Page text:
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"Dissolved oxygen (DO) is critical for the survival of aquatic species. The distribution, values, and processes influencing the supply of DO are well-known for surface water bodies. The endangered Barton Springs salamander (Eurycea sosorum, fig.1) relies on spring flow and adequate DO for its survival at Barton Springs (fig. 2), the primary discharge point for the aquifer. However, the nature and distribution of DO in groundwater within the aquifer supplying Barton Springs is unknown. Previous studies have focused on the relationship between Barton Springs flow and DO with regard to the salamanders. Those studies have reported population declines at levels below 5mg/L and warn that DO should be no less than 3mg/L to safeguard the salamanders. Previous studies have also shown a decline of about 1.5mg/L DO at Barton Springs from drought to non-drought. A better understanding of DO in the aquifer during drought conditions will help scientists understand, and possibly predict, DO at Barton Springs and the potential impact on the endangered species." -- Authors Open Access - Permission by Author(s) See Extended description for more information.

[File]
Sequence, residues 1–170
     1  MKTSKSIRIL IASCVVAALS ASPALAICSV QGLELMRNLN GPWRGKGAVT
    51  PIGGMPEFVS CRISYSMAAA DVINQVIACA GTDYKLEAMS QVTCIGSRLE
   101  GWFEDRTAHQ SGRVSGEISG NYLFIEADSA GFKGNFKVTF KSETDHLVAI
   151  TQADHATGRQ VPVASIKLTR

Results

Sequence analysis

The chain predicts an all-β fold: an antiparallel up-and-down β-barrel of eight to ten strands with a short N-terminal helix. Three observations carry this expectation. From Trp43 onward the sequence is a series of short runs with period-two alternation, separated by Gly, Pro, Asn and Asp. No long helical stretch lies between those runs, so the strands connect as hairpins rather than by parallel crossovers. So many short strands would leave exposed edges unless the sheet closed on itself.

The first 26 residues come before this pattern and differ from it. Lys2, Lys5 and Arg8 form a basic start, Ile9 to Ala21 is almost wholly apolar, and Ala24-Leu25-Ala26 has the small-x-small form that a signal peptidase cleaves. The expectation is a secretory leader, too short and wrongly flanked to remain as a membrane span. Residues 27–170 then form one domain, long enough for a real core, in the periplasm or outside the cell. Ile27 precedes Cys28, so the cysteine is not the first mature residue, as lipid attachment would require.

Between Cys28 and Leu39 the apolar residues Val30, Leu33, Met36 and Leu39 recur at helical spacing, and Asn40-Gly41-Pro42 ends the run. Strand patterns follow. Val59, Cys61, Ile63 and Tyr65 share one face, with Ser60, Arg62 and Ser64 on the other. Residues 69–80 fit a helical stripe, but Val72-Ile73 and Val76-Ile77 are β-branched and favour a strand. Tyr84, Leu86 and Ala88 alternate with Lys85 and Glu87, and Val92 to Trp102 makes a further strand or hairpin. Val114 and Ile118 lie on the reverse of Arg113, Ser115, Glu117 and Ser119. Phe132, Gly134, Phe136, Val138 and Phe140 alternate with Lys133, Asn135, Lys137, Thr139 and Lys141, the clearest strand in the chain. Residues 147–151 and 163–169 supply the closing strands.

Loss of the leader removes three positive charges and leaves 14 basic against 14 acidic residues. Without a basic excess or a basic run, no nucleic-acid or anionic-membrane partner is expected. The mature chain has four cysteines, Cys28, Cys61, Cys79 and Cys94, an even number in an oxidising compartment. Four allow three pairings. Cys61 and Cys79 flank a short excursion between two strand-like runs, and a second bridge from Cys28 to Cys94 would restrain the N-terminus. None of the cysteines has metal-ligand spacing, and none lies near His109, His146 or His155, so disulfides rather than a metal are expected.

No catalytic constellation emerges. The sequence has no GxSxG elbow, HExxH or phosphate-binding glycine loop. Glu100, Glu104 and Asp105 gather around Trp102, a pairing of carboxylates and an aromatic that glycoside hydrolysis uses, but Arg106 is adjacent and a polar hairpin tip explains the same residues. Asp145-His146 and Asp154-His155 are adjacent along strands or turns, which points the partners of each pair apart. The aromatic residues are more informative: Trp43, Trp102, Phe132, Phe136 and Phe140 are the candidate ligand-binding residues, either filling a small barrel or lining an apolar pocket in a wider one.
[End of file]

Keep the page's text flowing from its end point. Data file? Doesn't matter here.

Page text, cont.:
Barton Springs (Austin, Texas, United States), United States, Geology
1 online resource
Barton Springs/Edwards Aquifer Conservation District, "A survey of dissolved oxygen in groundwater during drought conditions, Barton Springs segment of the Edwards Aquifer, central Texas" (2011). KIP Articles. 5165.